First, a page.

Malekai gives a thumbs up during a group photo at camp. “Being out there in nature was so awesome,” he said. (Courtesy CYO/Camp Howard)
Malekai gives a thumbs up during a group photo at camp. “Being out there in nature was so awesome,” he said. (Courtesy CYO/Camp Howard)
On a fall afternoon, Katie Shultz Walker stepped into Southeast Portland’s St. Vincent de Paul pantry hoping to pick up food and winter coats for her family. The young mom left with those items — but also something wholly unexpected: the chance for her son to attend Camp Howard.

“We’d never be able to come close to affording the camp on our own,” said Shultz Walker, who recently gave birth to her second child, a daughter. “This opportunity was a blessing.”

During the 2019 fundraising gala for Catholic Youth Organization/Camp Howard, a donor — who wants to remain anonymous — gave $25,000 to help children most in need participate in programming. Sister Krista von Borstel, executive director of the Catholic nonprofit, worked with St. Vincent de Paul to select families for a full scholarship to Camp Howard. The remaining funds will go to additional low-income families in the future.

The pandemic meant no camp in 2020, but this year the donation sent two youths to Camp Howard.

A few weeks after his session ended, Malekai Walker spoke with gusto about his adventures in the Mount Hood foothills. “Being out there in nature was so awesome,” said the 9-year-old. He loved capture the flag, archery and swimming. “Even though I didn’t pass the swimming test — and I didn’t like their noodle soup — I had a lot, lot of fun,” he said. The family is looking into scholarships for next year.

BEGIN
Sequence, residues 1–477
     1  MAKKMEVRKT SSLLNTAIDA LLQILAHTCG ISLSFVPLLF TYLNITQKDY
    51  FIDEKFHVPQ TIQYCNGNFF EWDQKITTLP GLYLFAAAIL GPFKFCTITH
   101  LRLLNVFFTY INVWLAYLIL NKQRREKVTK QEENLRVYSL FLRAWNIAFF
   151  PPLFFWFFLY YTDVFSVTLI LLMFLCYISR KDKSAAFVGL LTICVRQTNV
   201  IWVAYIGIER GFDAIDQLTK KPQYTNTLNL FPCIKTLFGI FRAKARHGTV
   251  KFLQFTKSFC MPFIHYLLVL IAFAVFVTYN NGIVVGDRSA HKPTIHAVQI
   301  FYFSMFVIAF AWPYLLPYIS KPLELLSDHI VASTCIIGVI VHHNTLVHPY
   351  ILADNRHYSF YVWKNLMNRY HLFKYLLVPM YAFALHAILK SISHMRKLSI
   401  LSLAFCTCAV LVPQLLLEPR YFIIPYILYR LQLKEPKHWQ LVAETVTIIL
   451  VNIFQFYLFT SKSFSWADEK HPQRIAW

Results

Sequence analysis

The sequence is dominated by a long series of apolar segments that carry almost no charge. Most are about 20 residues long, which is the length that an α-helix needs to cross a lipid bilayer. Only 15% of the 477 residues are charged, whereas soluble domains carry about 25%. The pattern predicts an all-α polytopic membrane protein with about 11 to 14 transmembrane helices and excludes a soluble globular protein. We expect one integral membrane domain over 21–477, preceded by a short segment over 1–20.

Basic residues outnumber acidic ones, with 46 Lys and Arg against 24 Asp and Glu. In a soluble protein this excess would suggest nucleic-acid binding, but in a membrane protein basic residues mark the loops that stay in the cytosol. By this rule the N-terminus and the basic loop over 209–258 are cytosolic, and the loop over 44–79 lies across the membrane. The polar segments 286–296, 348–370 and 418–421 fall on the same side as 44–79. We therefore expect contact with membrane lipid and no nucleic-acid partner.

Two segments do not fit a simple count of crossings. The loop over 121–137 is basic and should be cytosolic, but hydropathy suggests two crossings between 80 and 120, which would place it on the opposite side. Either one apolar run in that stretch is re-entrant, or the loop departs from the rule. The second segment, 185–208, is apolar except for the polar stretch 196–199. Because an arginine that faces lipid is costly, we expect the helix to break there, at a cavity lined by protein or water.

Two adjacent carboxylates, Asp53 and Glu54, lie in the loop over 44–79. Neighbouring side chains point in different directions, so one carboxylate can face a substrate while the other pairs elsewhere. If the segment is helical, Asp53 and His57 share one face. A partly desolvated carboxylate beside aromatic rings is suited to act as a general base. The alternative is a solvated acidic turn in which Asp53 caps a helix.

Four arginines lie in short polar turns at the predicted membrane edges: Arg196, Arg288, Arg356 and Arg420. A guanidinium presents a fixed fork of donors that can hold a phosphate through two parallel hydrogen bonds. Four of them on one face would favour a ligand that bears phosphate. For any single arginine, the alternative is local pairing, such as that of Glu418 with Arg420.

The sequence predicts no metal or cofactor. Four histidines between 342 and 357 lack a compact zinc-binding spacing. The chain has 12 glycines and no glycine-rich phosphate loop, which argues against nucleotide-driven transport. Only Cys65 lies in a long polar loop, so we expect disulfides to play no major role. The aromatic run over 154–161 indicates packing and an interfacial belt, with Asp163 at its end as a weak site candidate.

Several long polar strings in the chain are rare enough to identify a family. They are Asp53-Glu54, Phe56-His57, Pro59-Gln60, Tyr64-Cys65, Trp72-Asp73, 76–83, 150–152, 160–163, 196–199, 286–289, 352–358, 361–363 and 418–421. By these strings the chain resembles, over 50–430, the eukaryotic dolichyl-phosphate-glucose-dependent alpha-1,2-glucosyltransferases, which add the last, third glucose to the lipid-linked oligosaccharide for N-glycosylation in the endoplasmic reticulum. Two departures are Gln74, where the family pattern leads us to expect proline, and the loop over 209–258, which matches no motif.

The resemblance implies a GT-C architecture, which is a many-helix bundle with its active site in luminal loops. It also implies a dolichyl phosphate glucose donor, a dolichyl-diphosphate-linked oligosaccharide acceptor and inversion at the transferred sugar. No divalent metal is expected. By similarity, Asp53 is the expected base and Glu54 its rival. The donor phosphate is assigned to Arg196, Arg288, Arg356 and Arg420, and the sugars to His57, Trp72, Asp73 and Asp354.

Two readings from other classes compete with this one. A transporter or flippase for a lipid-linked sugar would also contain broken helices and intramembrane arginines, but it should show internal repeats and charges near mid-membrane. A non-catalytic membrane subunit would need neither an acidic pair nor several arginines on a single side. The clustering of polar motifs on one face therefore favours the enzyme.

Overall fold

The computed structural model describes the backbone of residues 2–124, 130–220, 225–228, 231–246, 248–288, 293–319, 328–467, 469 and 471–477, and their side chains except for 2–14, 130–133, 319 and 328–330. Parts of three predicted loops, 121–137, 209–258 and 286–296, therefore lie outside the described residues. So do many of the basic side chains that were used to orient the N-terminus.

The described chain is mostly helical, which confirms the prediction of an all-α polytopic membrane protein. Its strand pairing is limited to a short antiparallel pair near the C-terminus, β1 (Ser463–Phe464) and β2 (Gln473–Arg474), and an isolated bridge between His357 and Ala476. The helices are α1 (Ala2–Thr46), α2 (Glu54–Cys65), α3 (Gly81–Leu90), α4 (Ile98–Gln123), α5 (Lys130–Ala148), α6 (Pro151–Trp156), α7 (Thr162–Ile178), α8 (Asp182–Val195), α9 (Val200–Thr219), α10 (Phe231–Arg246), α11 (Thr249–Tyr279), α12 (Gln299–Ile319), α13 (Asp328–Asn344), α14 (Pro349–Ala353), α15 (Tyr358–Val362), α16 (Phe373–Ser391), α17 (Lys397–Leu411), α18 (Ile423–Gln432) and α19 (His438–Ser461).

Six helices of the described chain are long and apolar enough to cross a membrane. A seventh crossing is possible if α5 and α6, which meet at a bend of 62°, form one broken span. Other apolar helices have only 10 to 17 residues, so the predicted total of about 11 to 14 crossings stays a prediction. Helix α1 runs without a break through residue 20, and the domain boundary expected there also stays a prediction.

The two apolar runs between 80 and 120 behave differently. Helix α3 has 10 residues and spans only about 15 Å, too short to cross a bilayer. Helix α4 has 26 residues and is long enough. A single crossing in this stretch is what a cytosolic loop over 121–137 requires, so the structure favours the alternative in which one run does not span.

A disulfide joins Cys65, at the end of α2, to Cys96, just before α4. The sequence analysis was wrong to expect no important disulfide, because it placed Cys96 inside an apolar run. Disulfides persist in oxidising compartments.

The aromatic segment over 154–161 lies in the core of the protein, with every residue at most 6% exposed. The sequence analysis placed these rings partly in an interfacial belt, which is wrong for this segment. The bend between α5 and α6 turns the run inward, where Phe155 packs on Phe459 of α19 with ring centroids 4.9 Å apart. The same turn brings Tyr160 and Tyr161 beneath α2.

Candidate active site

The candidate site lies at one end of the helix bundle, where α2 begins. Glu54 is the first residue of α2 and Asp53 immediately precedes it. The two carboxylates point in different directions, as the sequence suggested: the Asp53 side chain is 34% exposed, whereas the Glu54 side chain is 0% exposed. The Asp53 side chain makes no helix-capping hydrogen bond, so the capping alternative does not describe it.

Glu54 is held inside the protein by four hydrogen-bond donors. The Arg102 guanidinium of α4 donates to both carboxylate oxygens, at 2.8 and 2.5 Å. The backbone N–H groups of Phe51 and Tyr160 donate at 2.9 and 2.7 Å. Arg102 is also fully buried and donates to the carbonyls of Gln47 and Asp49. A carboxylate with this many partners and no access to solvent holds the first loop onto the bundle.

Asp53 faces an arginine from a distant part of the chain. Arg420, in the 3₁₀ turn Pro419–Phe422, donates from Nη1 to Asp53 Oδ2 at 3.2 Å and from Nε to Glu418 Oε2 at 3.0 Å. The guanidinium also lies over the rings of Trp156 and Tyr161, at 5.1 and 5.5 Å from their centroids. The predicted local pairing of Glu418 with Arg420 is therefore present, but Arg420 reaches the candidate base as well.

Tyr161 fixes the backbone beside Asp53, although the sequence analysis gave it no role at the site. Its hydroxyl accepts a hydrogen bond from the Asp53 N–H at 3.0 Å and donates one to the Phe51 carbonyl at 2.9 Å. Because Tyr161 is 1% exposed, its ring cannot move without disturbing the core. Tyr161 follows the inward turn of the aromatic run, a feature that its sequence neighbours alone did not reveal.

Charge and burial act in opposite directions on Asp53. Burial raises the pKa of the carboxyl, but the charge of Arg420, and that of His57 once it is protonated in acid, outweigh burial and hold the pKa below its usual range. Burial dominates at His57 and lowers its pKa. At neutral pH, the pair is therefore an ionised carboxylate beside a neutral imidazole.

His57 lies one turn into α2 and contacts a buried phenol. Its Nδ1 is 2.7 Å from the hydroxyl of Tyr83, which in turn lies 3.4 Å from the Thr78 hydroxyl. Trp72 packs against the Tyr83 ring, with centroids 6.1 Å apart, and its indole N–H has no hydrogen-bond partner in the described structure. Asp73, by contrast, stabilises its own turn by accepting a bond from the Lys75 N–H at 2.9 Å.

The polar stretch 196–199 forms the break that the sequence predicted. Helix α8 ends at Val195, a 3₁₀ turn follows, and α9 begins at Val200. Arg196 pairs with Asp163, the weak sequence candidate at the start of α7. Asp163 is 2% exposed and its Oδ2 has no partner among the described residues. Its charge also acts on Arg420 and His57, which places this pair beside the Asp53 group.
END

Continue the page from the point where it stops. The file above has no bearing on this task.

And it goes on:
Shultz Walker knows time in the natural world nourishes children’s spiritual and emotional well-being. But substantial trips out of Portland and into nature require longer drives and thus more money for gas. “That can be tough for us,” acknowledged Shultz Walker. The scholarship “gave him something special, a week outside in fresh air and with no electronics.”

Though the family is not Catholic, they believe in God and Shultz Walker said she’s grateful spirituality is woven into the camp.

“Plus that stretch of staying overnight in a safe place, making friends — it made him feel proud and empowered,” she said. “It was a wonderful experience.”